But if those openings are cut too close to a heating appliance, especially gas fired heating appliances, the in-draft created by the return air opening cut close to the gas burner can interfere with adequate combustion air supply to the burner, causing dangerous or even fatal carbon monoxide production, and backdrafting into the occupied space.
See COMBUSTION AIR for TIGHT BUILDINGS for additional details. - Ed.
A chimney or flue that is too large, too small, or blocked by a bird’s nest or loose brick will not draw properly and will be prone to spillage problems. Uninsulated chimneys on outside walls are also prone to poor draft and to condensation problems that can deteriorate flue materials. These problems should be fixed first before addressing problems inside the house.
at CHIMNEY INSPECTION DIAGNOSIS REPAIR we discuss chimney inspection and diagnosis including unsafe venting and fire hazards.
Heating systems with fan-powered exhaust systems can withstand higher negative pressures than natural-draft appliances. Some types of fan-powered systems are much better than others, however. In order of effectiveness, the choices are:
By comparison, an atmospherically vented furnace can backdraft with as little as 5 Pa of negative pressure, and a gas water heater will have spillage at 2 or 3 Pa. Fireplaces can start having problems at about 3 Pa. Canadian codes limit negative pressures in homes with atmospherically vented equipment to 5 Pa. U.S. codes do not currently address the issue.
To keep indoor depressurization to a minimum, do not oversize bathroom and kitchen fans, and avoid the use of downdraft and island fans, which can draw 600 cfm or more. If large fans must be used, they should be interlocked with a supply fan to provide makeup air.
Or see VENTILATION, BALANCED
Canada’s 1995 National Building Code requires that in homes with fuel- burning appliances vented through a chimney, any exhaust fan with a net capacity greater than 160 cfm must have fan- supplied makeup air.
The makeup air fan should be sized to reduce the net exhaust rate to no more than 160 cfm and can be delivered to an adjacent room or through the forced-air distribution system. For example, a 300 cfm exhaust fan should have at least 140 cfm (300 minus 160) of makeup air.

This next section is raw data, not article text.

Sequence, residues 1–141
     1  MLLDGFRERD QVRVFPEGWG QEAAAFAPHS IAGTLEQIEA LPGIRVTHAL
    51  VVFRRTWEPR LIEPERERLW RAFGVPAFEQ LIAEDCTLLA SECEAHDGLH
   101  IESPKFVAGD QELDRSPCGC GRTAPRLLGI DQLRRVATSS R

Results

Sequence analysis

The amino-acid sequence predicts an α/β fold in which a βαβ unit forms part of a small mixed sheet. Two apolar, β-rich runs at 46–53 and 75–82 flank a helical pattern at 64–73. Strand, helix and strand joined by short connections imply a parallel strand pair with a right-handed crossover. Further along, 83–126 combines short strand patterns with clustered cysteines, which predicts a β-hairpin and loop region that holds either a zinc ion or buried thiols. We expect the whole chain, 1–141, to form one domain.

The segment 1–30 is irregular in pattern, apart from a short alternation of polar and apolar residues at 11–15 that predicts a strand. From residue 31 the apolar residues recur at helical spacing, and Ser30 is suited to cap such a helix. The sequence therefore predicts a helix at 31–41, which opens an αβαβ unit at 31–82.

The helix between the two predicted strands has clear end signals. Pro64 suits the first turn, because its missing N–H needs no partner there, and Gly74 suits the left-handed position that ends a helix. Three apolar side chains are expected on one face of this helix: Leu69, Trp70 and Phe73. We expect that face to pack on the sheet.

How much an exhaust fan will depressurize a house depends on the tightness of the house. A 1993 study of several newly built energy-efficient homes in Minnesota found that exhaust airflows of 300 to 550 cfm depressurized the homes to 5 Pa, the level at which natural-draft appliances start having spillage problems.
Other studies indicate that a 600-cfm exhaust fan can produce negative pressures from 3 to over 20 Pa, depending on house tightness. Without an adequate source of makeup air, a fan this size (or a combination of exhaust fans running at the same time) will pull air from the path of least resistance—often a nearby chimney or flue. Unless makeup air is provided, exhaust fans of this strength should not be used in homes with chimneys.
In homes with the potential for back- drafting, a simple test can be conducted to determine the likelihood of problems:
Perform the test with the air handler both on and off, since unbalanced airflows can be a significant factor. If smoke spills into the room for more than 30 seconds at any combustion appliance, the home has a potential backdrafting problem that requires attention.
A more scientific procedure for determining backdrafting potential, using a pressure gauge, can be found in Step 7 of the “Recommended Procedures for Safety Inspection” in Appendix H of the National Fuel Gas Code.
Traditional open fireplaces and older leaky woodstoves burn very inefficiently and produce hundreds of chemical compounds, including carbon monoxide, organic gases, particulates, and some of the same cancer-causing agents found in tobacco smoke. Minor spillage of these pollutants occurs regularly, primarily when starting or stoking the fire. However, the larger concern is when the fire smolders late at night, producing high levels of CO and a weak draft. Backdrafting at this time can be dangerous or even fatal.